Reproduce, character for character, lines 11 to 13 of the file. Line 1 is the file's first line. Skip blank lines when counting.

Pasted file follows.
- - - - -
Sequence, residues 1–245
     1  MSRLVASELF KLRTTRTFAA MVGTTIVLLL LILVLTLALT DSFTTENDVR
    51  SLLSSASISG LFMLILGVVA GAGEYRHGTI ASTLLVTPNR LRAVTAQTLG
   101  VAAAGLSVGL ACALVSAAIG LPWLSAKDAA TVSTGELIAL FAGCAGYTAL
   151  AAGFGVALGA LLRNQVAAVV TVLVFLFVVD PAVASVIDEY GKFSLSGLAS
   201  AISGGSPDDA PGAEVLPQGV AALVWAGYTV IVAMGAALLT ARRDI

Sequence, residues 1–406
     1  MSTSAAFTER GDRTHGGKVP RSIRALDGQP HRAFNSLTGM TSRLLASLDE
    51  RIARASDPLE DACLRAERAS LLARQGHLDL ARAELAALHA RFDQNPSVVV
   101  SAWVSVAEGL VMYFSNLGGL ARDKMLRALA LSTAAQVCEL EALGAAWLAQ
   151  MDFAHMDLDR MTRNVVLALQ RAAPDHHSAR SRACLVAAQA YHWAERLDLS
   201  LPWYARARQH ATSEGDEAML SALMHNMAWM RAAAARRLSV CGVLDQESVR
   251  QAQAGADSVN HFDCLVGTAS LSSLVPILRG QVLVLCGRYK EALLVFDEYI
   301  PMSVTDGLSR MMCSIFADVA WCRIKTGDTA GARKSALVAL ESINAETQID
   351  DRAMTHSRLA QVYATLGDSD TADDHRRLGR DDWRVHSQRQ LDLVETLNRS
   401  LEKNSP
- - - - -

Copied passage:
   151  MDFAHMDLDR MTRNVVLALQ RAAPDHHSAR SRACLVAAQA YHWAERLDLS
   201  LPWYARARQH ATSEGDEAML SALMHNMAWM RAAAARRLSV CGVLDQESVR
   251  QAQAGADSVN HFDCLVGTAS LSSLVPILRG QVLVLCGRYK EALLVFDEYI